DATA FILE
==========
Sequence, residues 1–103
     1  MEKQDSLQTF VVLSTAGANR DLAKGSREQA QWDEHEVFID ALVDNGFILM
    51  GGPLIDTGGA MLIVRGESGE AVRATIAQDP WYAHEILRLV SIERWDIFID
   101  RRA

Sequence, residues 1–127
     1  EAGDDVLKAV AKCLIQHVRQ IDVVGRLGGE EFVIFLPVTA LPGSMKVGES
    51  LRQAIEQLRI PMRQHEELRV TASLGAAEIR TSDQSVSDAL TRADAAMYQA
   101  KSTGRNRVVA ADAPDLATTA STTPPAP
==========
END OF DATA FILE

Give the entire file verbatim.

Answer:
Sequence, residues 1–103
     1  MEKQDSLQTF VVLSTAGANR DLAKGSREQA QWDEHEVFID ALVDNGFILM
    51  GGPLIDTGGA MLIVRGESGE AVRATIAQDP WYAHEILRLV SIERWDIFID
   101  RRA

Sequence, residues 1–127
     1  EAGDDVLKAV AKCLIQHVRQ IDVVGRLGGE EFVIFLPVTA LPGSMKVGES
    51  LRQAIEQLRI PMRQHEELRV TASLGAAEIR TSDQSVSDAL TRADAAMYQA
   101  KSTGRNRVVA ADAPDLATTA STTPPAP